Story by: Sonoma Magazine
Once upon a time in Sonoma, tasting rooms poured samples of their wines for free. Complimentary. Gratis.That was a quarter-century or so ago, when “wine tasting” was not yet a thing here and wine consumption wasn’t common throughout the U.S. A running joke among winemakers was that perhaps they should pay people to try their wines. It had little to do with quality and almost everything to do Americans’ hesitancy to drink wine, let alone understand it.
Over the years, tastings went from free to $5, with a free glass with a logo; then to $10, with a finer piece of stemware to take home and perhaps a basket of French bread and a plate of cheese. Today, $20-$25 tastings, without food (nor freebie glass) are so prevalent they don’t raise eyebrows with guests. Napa Valley remains king when it comes to expensive tastings — rather, experiences — yet Sonoma wineries are catching up, with small bites, box lunches, full meals, private cabanas, vineyard hikes and tastings of library wines sending per-person fees into the $100-and-up stratosphere.
But what about the rest of us? What’s a budget-minded wine taster to do? Thank goodness, there still are a handful of Sonoma wineries whose basic tastings are complimentary, and many more that charge reasonable fees ($20 or less). Some even waive the cost if you buy a full bottle or two.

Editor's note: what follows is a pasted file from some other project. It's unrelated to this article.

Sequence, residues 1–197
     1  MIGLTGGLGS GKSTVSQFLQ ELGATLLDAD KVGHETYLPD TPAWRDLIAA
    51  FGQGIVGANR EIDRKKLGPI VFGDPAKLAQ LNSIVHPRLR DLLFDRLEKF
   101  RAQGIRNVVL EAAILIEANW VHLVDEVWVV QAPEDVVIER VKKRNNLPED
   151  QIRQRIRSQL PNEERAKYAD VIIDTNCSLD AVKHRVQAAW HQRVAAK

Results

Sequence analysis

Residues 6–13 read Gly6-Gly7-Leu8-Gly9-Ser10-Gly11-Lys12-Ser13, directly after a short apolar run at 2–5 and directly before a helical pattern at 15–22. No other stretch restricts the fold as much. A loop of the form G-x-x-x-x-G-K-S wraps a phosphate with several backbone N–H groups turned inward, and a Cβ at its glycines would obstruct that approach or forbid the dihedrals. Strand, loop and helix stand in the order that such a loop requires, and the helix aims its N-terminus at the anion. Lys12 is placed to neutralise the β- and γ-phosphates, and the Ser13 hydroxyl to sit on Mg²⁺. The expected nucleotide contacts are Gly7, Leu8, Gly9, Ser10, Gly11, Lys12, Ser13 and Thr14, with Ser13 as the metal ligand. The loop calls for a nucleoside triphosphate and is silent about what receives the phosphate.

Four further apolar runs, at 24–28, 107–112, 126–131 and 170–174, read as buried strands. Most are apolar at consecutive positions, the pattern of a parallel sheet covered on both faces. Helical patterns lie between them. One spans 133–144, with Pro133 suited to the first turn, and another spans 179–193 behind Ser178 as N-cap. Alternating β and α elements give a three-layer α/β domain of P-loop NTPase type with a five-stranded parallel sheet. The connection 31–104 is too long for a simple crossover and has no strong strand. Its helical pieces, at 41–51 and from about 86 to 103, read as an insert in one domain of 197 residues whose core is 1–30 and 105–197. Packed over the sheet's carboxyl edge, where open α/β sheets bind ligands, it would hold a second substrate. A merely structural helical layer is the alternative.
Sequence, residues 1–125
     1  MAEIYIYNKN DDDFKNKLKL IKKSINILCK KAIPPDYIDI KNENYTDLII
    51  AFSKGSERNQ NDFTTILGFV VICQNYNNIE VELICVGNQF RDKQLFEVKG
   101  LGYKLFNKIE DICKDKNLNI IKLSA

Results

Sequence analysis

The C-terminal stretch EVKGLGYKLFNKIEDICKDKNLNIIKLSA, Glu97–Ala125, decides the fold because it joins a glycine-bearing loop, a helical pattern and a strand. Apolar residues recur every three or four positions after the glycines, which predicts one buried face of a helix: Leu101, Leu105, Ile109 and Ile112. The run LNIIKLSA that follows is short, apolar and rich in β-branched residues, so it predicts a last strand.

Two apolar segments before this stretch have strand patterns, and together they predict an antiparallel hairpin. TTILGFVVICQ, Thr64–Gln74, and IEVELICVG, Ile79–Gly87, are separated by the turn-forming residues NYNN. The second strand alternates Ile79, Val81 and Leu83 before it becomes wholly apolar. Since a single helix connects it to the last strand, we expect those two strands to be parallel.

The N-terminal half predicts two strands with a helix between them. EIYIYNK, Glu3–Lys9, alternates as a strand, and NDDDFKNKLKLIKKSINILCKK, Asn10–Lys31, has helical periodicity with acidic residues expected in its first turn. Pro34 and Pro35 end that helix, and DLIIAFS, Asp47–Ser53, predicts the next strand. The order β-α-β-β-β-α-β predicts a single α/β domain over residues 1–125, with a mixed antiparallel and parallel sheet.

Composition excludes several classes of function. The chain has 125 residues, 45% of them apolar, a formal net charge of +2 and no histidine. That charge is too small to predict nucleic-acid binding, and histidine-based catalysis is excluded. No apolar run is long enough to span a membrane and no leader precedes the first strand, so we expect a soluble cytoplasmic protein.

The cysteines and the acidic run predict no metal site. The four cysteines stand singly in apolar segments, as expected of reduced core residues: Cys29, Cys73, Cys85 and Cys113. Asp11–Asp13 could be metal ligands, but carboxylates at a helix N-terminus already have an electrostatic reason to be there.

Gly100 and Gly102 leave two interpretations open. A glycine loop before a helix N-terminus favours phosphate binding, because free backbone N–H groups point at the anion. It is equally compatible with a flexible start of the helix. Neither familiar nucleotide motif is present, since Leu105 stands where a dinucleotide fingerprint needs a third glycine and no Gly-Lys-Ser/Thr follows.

Here are 10 tasting venues with affordable fees or freebies. Keep in mind that pandemic protocols remain in place. These wineries explain their COVID-19 regulations on their websites, which include making appointments, masking and whether tastings are conducted indoors or out.
(The Sonoma County Vintners trade group has partnered with Visa Signature and Visa Infinite to offer buy-one, get-one tasting deals at approximately 50 wineries, if you use one of those credit cards. Visit sonomawine.com/visa-signature for the list of participating tasting rooms and other perks, among them $1 ground shipping through December.)
Fred and Nancy Cline started Cline Family Cellars in 1982, in Oakley in northeastern Contra Costa County. There, on the banks of the Sacramento-San Joaquin River Delta, grow ancient zinfandel, mourvedre and carignane grapevines in soils so sandy it’s hard to believe they can support green growth.
The Clines tapped these vines for their wines and 1989 moved their business to southern Sonoma Valley/Carneros, where they planted chardonnay, viognier, pinot noir and syrah and opened a tasting room in a 1850s farmhouse. Tastings are only outside for now, with five-wine flights priced at $15. Ponds and a sea of rose bushes add color to the tranquil grounds.
24737 Arnold Drive, Sonoma, 800-546-2070, clinecellars.com